Livestock markets led the way higher Tuesday

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Corn futures apparently felt early-harvest pressure Tuesday. Although concurrent soybean gains probably provided some support, corn futures declined modestly today. There wasn’t a great deal of news, so talk that the harvest is progressing and early yields have been surprisingly high seemed to drag prices downward. December corn declined 4.5 cents to $4.4875/bushel at Tuesday’s close, and May lost 4.5 cents to $4.6975.

The soy complex posted a mixed Tuesday showing. Although the southern soybean harvest is also getting underway, the bean and meal markets moved generally higher. The fact that recent rains did not improve the condition ratings on the weekly USDA Crop Progress report reportedly powered the rise. Weak palm oil prices in Asia apparently depressed soy oil futures once again. November soybeans climbed 4.75 cents to $13.125/bushel Tuesday afternoon, while October soyoil slid 0.13 cents to 41.84 cents/pound, and October soymeal gained $3.0 to $414.1/ton.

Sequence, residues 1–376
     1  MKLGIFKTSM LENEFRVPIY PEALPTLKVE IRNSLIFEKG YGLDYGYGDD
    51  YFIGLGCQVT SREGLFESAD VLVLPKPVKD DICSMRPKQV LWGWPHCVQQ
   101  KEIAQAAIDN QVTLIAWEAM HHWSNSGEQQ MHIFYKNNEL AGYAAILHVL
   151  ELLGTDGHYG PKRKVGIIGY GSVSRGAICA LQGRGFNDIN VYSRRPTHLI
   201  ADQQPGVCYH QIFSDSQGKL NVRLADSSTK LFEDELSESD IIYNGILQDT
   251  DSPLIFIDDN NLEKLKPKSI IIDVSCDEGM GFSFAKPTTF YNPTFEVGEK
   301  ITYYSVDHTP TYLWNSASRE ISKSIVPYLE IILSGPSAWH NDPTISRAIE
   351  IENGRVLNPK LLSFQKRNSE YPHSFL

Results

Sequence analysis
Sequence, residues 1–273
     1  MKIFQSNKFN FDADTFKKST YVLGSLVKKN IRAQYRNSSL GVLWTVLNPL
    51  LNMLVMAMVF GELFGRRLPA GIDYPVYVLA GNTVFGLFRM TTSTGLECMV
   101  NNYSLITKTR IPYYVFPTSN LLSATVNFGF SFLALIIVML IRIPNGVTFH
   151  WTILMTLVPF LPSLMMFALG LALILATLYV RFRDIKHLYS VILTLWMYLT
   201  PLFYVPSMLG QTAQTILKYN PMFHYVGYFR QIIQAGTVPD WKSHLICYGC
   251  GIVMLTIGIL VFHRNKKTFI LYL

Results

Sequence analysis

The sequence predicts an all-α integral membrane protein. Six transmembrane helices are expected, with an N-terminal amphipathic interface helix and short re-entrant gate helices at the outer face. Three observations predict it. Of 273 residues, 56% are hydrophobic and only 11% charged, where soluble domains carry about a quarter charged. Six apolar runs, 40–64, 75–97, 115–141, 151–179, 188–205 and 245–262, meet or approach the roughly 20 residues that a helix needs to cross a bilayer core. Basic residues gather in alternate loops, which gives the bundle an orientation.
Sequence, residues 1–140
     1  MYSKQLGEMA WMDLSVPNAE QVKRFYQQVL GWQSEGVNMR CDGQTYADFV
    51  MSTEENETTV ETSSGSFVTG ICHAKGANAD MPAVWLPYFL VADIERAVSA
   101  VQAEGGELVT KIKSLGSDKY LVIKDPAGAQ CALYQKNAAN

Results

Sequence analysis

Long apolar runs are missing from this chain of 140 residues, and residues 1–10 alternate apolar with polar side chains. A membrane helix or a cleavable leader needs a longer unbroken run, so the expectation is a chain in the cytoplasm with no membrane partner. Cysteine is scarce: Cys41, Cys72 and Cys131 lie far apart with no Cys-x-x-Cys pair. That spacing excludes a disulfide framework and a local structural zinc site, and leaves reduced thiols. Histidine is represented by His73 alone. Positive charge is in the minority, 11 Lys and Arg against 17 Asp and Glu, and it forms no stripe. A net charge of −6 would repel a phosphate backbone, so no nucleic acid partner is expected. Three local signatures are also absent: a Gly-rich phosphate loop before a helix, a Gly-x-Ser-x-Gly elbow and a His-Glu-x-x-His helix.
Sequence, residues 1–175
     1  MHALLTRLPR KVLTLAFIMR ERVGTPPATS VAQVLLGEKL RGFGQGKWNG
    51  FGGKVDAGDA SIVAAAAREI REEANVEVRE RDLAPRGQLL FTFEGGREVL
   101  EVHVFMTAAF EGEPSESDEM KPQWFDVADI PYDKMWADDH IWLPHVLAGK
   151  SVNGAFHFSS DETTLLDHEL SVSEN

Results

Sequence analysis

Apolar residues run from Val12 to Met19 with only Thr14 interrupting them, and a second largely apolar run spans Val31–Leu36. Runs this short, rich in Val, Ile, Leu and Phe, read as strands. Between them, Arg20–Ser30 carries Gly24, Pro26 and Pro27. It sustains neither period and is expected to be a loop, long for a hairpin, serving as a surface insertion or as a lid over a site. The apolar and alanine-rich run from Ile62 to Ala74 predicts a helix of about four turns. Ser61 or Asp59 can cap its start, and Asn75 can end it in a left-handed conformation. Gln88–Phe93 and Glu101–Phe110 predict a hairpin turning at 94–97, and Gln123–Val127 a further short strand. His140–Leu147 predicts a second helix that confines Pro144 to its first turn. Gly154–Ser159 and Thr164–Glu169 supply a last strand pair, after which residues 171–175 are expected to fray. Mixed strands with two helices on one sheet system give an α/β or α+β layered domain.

The wheat markets performed relatively well Tuesday. Talk of robust export demand very likely supported wheat prices today. However, late strength marked a response to reports that Argentina’s winter wheat fields were hit by a damaging frost overnight. December CBOT wheat settled 4.75 cents higher at $6.5825/bushel Tuesday, while December KCBT wheat lifted 7.25 cents to $7.05, and December MGE futures advanced 6.25 cents to $7.05.

Beef gains boosted cattle futures in Tuesday trading. The cattle market reacted well to bullish news Monday and continued rising today. The Wholesale beef prices rose sharply Monday and continued upward Tuesday morning, which probably bodes well for the cash markets. Strength spilling over from the hog market may also have encouraged bulls. October cattle futures advanced 0.72 cents to 127.32 cents/pound late Tuesday morning, while December lifted 0.72 cents to 131.22. Meanwhile, October feeder cattle jumped 1.67 cents to 163.77 cents/pound and January leapt 1.90 cent to 163.62.

Smithfield news probably exaggerated Tuesday’s hog gains. Monday’s cash and wholesale news was not very supportive of the hog market, but futures seemed to rally on technical considerations. The nearby contracts’ discounts to the CME index may also have encouraged bulls. But news that Smithfield shareholders had approved its takeover by Shuanghui of China very likely powered the big advance. October hog futures rocketed up 2.32 cents to 92.50 cents/pound in late Tuesday morning action, while December spiked 1.65 cents to 88.07.



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